It took hard work and dedication, but Matthew McCartney has gone from simply living to truly feeling alive — and he is determined to help you do the same. 

But buckle up, because it isn’t an easy journey. 

Today, Matt is a father, mentor, coach, outdoor enthusiast, and small business owner, but when asked, “who are you?” it still takes him a minute or two to respond. “It’s an interesting question, but a difficult one,” he said. “It’s one I ask my clients often.”

On a much deeper level, Matt is a guide and support system for men as they navigate change using lessons from his own lived experiences. Leveraging personal and professional traumas and a variety of recovery processes, Matt embodies post traumatic growth in its essence, and strives to assist other men as they navigate this for themselves.

“At the end of the day I think it’s all me,” he said. “I am who I need to be in each moment.” 

Although the path that got him here, like many, was not all that linear.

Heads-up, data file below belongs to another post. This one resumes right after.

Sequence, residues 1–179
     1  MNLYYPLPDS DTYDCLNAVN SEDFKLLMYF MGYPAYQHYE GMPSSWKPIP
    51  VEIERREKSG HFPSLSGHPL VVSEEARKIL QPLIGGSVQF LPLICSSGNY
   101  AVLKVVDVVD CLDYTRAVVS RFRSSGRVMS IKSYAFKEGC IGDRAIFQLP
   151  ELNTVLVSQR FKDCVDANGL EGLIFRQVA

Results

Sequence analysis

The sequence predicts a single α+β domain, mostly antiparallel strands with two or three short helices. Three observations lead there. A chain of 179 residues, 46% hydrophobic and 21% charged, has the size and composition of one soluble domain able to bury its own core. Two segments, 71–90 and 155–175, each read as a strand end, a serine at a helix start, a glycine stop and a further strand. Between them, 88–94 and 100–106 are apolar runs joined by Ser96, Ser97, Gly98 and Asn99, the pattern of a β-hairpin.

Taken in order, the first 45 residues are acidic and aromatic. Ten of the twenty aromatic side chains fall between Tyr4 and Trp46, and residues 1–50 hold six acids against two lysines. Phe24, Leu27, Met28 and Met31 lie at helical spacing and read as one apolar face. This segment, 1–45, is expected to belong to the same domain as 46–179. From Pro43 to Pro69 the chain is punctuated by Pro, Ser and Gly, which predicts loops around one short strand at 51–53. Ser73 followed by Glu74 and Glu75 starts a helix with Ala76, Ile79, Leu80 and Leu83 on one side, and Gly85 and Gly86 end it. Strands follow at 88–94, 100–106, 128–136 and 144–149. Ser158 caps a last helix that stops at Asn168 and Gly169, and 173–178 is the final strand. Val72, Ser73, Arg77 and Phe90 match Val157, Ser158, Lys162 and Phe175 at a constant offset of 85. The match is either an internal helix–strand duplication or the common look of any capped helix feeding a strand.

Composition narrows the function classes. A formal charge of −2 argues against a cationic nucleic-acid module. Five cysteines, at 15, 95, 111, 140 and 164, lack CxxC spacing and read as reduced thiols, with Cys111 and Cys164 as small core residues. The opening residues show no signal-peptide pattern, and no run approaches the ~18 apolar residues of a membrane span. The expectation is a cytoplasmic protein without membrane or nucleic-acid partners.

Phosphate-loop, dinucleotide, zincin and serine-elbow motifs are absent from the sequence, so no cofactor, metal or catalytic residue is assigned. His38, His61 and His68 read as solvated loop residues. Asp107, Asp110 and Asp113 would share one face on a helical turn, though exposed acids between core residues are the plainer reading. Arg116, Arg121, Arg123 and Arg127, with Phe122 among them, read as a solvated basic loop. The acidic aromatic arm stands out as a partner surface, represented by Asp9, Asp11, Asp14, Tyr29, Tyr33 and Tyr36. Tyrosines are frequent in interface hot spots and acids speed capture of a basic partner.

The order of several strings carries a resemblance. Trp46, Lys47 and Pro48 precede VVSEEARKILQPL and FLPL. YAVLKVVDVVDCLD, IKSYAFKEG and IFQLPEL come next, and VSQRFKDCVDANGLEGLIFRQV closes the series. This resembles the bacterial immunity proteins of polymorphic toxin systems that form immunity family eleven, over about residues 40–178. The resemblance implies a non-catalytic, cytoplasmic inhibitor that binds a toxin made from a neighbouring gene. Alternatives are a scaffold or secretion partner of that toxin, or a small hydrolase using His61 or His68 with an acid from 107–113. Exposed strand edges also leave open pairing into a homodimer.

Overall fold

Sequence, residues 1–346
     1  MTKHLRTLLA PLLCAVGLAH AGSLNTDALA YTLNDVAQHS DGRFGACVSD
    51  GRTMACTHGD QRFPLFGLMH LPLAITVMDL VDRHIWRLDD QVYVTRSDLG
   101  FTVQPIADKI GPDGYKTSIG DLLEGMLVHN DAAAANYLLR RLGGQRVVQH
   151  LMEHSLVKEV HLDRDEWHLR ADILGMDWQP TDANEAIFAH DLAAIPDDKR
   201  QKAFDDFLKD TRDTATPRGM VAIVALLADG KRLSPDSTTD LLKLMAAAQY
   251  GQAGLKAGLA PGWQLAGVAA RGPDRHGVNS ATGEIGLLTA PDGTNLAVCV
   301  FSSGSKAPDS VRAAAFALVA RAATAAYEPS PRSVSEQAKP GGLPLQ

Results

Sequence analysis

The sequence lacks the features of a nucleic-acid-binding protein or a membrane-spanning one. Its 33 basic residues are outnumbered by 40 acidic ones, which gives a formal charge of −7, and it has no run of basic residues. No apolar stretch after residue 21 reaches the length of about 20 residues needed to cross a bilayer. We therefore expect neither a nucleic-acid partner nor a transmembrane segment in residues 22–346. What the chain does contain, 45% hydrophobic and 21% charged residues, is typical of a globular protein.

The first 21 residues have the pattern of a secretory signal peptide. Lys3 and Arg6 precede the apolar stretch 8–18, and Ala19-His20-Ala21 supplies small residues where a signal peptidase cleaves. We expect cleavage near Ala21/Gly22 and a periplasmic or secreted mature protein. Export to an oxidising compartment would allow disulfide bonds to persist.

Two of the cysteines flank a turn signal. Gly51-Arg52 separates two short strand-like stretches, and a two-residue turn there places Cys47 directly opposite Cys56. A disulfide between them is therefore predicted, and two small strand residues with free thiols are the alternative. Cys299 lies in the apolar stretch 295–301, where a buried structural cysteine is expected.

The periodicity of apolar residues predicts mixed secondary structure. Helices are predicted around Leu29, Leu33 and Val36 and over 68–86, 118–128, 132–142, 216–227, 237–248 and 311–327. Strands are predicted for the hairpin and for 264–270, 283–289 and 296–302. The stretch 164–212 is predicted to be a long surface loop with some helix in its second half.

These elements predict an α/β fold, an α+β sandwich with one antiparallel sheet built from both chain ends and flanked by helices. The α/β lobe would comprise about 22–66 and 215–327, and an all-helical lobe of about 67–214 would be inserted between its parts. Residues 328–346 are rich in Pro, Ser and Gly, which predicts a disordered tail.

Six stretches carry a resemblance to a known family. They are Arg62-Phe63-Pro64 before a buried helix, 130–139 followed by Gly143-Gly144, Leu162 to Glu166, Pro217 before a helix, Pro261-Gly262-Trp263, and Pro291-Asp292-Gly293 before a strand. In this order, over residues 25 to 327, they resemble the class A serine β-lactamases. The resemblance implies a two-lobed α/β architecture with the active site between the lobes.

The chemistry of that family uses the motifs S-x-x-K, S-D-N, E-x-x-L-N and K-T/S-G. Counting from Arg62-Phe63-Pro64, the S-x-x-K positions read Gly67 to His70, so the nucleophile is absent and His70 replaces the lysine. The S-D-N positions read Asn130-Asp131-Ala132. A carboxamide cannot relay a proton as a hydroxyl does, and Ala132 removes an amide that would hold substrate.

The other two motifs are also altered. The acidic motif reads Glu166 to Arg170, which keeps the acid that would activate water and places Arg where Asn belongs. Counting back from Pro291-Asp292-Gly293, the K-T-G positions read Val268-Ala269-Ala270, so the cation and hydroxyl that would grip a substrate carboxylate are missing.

Born and raised in Markham, ON, Matt graduated with a degree in Communications from the University of Windsor before obtaining a Diploma from the Ontario Police College. He had met his partner at the time, had kids, and to him, becoming a police officer in Toronto seemed like an appropriate next step. 

“It was this call to adventure, with a bit of challenge to it,” he said.

One of five boys and a son of divorced parents, Matt describes his upbringing as complicated, and for years, he bore witness to many traumatic events, both in personal life experiences and as an undercover police officer for 13 years. He obtained a number of certifications in active and tactical communication throughout his time as an officer, and he said for many of those years he felt like he was living a “movie life” — a container that helped him escape reality. 

It wasn’t until later that he realized it was actually escapism all along. 

“I did it very well for over 10 years, until it didn’t work,” he said. “Because it doesn’t forever.” 

It was tearing him up inside and eventually, it all started to unfold. He had this moment that to this day he can only describe as a full mental, physical and emotional breakdown. 

“It all comes to a head at some point, and it came to a head pretty dramatically for me.” 

He knew he couldn’t continue on this path any longer, and somewhere inside of him reminded him he had the power to choose differently, so he did. He chose to move. In 2018, Matt moved out of the city and north to the Collingwood area full time. He said it was a blessing; he found himself in a community that was healing and he finally felt like he could breathe.